Munich Personal RePEc Archive

The Effects of Non-Existent Property Ownership Rights Within the Electricity Production Sector on Labor Force Participation in the Dominican Republic

Stacey, Brian (2016): The Effects of Non-Existent Property Ownership Rights Within the Electricity Production Sector on Labor Force Participation in the Dominican Republic.

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Abstract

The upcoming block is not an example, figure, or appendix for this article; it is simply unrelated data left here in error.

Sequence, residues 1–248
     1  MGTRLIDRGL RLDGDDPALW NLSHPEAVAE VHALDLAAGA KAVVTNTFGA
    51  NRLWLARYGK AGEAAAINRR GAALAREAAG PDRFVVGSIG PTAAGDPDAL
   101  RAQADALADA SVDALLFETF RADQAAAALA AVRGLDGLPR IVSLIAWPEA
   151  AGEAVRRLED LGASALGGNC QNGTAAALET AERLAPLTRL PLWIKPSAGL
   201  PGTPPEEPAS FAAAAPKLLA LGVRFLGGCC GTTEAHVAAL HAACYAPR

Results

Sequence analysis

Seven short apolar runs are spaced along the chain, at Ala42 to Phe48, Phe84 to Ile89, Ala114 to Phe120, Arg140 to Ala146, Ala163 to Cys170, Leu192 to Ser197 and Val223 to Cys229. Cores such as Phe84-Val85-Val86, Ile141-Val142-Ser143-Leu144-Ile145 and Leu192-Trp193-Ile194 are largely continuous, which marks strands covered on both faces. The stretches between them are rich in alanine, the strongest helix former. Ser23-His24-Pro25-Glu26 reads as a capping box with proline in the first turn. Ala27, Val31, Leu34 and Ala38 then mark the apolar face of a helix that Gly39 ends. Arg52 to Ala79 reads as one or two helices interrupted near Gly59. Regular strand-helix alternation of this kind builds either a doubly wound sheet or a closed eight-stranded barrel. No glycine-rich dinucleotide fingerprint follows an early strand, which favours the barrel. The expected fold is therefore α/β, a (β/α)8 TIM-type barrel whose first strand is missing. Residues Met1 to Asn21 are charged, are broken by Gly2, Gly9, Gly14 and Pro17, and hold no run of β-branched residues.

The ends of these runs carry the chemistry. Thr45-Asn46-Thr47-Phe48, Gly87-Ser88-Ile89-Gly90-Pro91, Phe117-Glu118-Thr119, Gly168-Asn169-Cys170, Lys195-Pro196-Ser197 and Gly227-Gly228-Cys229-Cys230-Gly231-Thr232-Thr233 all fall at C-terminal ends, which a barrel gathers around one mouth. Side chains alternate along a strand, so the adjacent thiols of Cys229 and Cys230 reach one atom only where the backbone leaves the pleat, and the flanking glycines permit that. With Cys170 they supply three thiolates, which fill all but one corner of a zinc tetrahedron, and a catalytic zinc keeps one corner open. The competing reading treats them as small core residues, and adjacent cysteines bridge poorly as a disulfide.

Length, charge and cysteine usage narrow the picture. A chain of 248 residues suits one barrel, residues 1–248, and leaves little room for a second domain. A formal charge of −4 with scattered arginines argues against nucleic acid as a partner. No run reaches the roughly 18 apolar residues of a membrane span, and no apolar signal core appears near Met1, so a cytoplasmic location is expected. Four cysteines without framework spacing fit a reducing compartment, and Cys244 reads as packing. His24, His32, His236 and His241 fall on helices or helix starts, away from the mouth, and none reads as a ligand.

The labor market in the Dominican Republic is in disarray. There has been a high rate of unemployment and a very high rate of non-participation within the labor force for years. Output growth has been steady in manufacturing, telecommunication, and financial services, and new jobs have been added in the service sector consistently, however these gains have led to no real increase in available quality jobs and wage stagnation (Williams & Adedeji, 2004). Abdullaev and Marcello (2013) describe a dichotomous approach to solving the problem; through targeted education for the long term and through product market reforms in the near term. The energy sector in the Dominican Republic is a prime example of an area where reforms are needed to improve the operating environment to spur and sustain growth. At present the losses in transmission and distribution are significantly higher than in most places as a result of fraud (Smith 2004). Until recently it has not been against the law to steal electricity (Enerdata 2011). The rationale being that if electricity is a basic human right we cannot punish those who attempt to gain it. This lack of property law within the context of electricity underpins a significant failure by the government when viewed from the point of the electricity producers. Property ownership is a fundamental concept of free markets. Without ownership rights there is no (or limited) ability to charge for goods produced with that property. Electricity is a commodity property and without the ability to effectively charge for its consumption the producers have struggled.

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